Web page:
Selling a Zoo Can Be Wild

A pair of North Carolina zoos on the market offer a clinic on the brokerage side of such sales


If you’ve ever wanted to channel your inner Matt Damon (read on) and be the proud owner of a zoo, you’ll have two chances in North Carolina.

Two privately owned zoos in North Carolina hit the market earlier this month, each sold separately by longtime owner Scottie Brown, according to National Land Realty, which is brokering both sales. Up for purchase are Zootastic Park in Troutman, N.C., with an asking price of $16 million, and Aloha Safari Park in Cameron, N.C., listed at $4.5 million.

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Both zoos come complete with the main attractions: the animals — a mix of monkeys, tigers, kangaroos and giraffes between the pair.

Selling a zoo offers up some unique challenges for brokers. Unlike other real estate deals, where a prospective buyer needs a down payment and a mortgage to secure the deal, potential zoo owners also must have some previous experience with exotic animals and be able to obtain a permit from the United States Department of Agriculture to continue to operate either attraction.

“It’s one of the more unique things I’ve worked on in my career,” National Land’s Peter Mazeine, who’s brokering the sale with Billy Parker, said. “The fact that our owner had tigers and giraffes, and a lot of these bigger exotic animals, it’s not just anybody that can own those and put those on display.

“Money is not necessarily the highest bar. Instead, it’s somebody’s ability to have one of these exhibitor permits, and that’s based on experience in that field,” Mazeine added.

Zootastic is spread over 186 acres and is the largest privately owned zoo in North Carolina. It’s closer to Charlotte than Aloha Safari Park, part of the reason for the higher asking price, Mazeine said. Aside from the land and the animals, it also comes with inventory, such as the merchandise in the gift shop, and the ability to keep the Zootastic name.

A little farther away, Aloha has more than 300 animal species, and marketing materials boast “hands-on experience” with exotic animals for guests.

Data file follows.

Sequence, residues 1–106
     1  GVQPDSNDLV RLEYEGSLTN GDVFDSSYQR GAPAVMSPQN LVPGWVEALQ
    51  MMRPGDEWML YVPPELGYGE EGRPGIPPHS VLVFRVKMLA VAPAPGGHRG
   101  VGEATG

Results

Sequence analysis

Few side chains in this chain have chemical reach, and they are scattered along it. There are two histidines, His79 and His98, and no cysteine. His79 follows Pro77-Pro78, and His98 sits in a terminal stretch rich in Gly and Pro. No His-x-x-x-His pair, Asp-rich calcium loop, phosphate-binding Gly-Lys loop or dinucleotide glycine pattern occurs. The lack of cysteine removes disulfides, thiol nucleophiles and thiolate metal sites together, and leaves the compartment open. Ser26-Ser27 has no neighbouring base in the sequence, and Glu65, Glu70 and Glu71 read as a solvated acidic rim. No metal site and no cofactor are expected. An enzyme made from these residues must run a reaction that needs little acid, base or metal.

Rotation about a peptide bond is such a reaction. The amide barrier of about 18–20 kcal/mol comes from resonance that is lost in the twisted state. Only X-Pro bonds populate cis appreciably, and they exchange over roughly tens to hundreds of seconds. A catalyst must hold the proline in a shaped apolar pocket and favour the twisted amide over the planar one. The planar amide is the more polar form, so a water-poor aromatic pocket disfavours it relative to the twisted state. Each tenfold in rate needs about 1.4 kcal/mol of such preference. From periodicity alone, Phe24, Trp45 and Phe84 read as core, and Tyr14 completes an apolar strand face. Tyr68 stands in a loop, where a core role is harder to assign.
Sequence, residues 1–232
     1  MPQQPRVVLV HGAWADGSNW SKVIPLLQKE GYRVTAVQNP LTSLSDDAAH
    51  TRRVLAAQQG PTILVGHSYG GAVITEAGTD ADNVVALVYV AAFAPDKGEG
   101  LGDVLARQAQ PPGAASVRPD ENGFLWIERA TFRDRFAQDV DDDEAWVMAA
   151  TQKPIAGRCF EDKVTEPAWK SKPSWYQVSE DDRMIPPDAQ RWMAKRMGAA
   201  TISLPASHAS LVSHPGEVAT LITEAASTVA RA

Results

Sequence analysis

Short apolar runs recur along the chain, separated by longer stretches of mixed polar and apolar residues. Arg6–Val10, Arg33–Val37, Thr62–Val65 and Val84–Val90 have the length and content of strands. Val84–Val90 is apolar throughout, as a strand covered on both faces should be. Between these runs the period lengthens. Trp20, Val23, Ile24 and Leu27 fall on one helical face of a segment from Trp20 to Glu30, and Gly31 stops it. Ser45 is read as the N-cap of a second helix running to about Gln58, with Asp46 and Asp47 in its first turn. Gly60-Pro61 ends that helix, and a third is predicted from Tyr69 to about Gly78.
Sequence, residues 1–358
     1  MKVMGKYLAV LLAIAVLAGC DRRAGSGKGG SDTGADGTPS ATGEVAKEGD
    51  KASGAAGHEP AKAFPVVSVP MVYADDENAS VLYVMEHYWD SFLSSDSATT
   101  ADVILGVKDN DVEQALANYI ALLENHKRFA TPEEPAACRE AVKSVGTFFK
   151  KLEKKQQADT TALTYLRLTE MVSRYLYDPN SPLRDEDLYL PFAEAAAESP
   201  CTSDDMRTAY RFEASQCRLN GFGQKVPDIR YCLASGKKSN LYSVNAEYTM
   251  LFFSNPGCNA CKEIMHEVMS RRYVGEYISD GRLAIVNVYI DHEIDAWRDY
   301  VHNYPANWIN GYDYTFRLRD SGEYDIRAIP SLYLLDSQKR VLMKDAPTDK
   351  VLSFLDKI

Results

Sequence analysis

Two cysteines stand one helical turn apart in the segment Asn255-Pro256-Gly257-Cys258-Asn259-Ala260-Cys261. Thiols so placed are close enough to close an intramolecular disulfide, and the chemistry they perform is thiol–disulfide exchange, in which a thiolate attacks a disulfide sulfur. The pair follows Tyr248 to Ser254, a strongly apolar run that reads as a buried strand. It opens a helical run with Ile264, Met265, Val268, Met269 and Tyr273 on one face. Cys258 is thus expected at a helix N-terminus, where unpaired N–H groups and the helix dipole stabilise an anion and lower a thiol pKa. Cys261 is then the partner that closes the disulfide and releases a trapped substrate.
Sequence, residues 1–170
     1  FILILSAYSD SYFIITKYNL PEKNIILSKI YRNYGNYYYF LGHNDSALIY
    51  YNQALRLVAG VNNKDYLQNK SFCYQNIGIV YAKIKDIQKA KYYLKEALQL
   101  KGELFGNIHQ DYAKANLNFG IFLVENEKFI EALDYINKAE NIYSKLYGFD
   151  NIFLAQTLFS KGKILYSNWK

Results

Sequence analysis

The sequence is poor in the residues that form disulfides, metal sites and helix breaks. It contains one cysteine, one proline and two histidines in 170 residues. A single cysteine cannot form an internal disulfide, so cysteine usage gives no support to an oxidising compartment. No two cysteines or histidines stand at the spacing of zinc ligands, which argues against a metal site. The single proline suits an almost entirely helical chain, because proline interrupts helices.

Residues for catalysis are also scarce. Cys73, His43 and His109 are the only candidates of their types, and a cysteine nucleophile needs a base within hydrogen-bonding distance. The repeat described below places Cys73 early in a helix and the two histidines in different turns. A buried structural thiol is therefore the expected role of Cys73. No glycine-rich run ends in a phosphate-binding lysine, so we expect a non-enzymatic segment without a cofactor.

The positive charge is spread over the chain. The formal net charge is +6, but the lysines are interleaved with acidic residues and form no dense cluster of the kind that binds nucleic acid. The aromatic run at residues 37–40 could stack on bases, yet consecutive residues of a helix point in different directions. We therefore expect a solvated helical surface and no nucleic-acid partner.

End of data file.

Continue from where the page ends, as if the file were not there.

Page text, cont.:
Given the novelty of unloading a zoo, coming up with the asking prices proved challenging. Mazeine — who hasn’t handled the sale of one of these before — wasn’t able to find other brokers who have, or find much info about other zoo acquisitions.

“That’s where it’s not like selling a single-family home, where it’s easy to find comparables,” said Mazeine, who brokers all types of commercial real estate transactions, including agriculture deals. “It’s something different.”

A kangaroo in a zoo
A kangaroo in Aloha Safari Park. Photo: National Land Realty

One recent sale that made headlines came in 2020, when the Bayou Wildlife Zoo in Alvin, Texas, sold for $3.6 million, the Houston Chronicle reported. The former owners — Clint and Barbara Wolston — originally listed the 80-acre spot with 500 animals for $7 million in 2016 but had trouble finding owners who met their standards to sell to, the Chronicle reported.

The broker behind that sale did not respond to a request for comment.

And another recent zoo transaction in Florida eschewed brokers altogether and took the same tactic as somebody selling their bike. The former owners of the 10-acre Emerald Coast Wildlife Refuge Zoological Park in Navarre, Fla., listed the zoo for sale on Craigslist — you read that correctly, Craigslist with an asking price of $350,000, the Northwest Florida Daily News reported. It was eventually bought by a family who planned to live there, but the final sale price was unclear and public records of a transaction couldn’t be found.

Mazeine said he started pricing the North Carolina zoos like any other real estate asset he’s worked on — looking at cash flows for the businesses and future redevelopment potential on the sites — and leaned on Brown’s expertise to bake the animals into the asking price.